Protein design

Protein design

Our protein design team develops and deploys cutting-edge design methods to generate novel proteins for biomedical applications. For evaluation of the designed molecules, we characterize their biophysical properties, determine their structures, and evaluate their activity in vitro, ex vivo and in vivo assays. Our research mainly focuses on the following major areas:

Development of high-performance computational design tools

Despite recent advances in computational protein design, simultaneous enhancements of design throughput and accuracy are continually needed to achieve better success rates at the bench, and tackle more complex design problems. We are continually developing the Damietta design engine; a design framework that leverages the accuracy of established molecular mechanics force fields, while maximizing the throughput of energy calculations through tensorized implementations. While still a bleeding edge technology, we have already successfully used the Damietta engine for different design projects in the lab. Other development domains cover ultra-fast docking and shape similarity algorithms, that enable us to design de novo and rescaffolded binders.

Design of idealised growth factors, cytokines, and novokines

Protein therapeutics must meet a range of requirements to their activity, stability, solubility, aggregation propensity, and production costs. Computational design can offer control over these parameters and greatly facilitate protein drug development. We use a set of in-house developed computational methods for tertiary epitope matching, protein core re-design, interface design, loop design, and accelerated dynamics scoring in order to make idealized therapeutic miniproteins. We design and preclinically-develop idealised growth factors and cytokines with superior properties compared to their natural counterparts. We also use these designs to study the structure-function relationship of receptor modulation. Furthermore, we design novel-function cytokines (i.e. novokines) with the goal of inducing novel signaling patterns in target cells, at a very high targeting specificity.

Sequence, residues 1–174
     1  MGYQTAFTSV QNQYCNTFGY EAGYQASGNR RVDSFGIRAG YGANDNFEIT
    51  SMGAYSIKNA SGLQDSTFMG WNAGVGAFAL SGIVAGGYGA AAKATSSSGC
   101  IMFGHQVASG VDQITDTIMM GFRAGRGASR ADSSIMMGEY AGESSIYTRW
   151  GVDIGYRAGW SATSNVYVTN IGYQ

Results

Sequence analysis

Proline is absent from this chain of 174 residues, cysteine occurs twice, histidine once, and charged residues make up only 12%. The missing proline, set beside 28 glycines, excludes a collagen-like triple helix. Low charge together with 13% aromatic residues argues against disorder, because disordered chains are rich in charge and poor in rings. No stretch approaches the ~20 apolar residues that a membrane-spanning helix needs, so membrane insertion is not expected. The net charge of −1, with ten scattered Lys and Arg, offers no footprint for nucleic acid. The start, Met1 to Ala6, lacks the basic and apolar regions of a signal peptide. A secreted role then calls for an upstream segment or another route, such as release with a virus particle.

Figure 1. Design of cytokines
De novo design of epitope-directed binders

De novo design of site-specific binders in a concept-to-hit manner remains a major scientific and technological challenge. We established a novel framework to rapidly create epitope-directed binders using only information on the target structure. Our pipeline takes advantage of a high throughput docking software that evaluates steric complementarity of proteins in a lower dimensional space and enables selection of shape matching scaffolds for further interface design. Previously, we made inhibitors blocking an active site of VEGF, a key angiogenic molecule involved in the pathogenesis of diverse cancers, cardiovascular, and ophthalmic diseases. Moving forward, we work on improvements of the entire pipeline and on design of binders against other relevant targets.

Figure 2. VEGF inhibitor binding model

Design of metal-binding proteins

Metalloproteins have a wide range of biomedical applications. For example, they can serve as electron microscopy contrast agents, as emergency antidotes for metal intoxication or as genetically-encodable protein tags for targeted radioimmunotherapy. We aim to design stable, easy-to-purify proteins that would bind copper, lead or other metals with high affinities and high metal binding capacity. For this, we use different approaches, from redesigning natural metalloproteins to mounting multiple metal binding sites onto novel geometrically-accommodating scaffolds.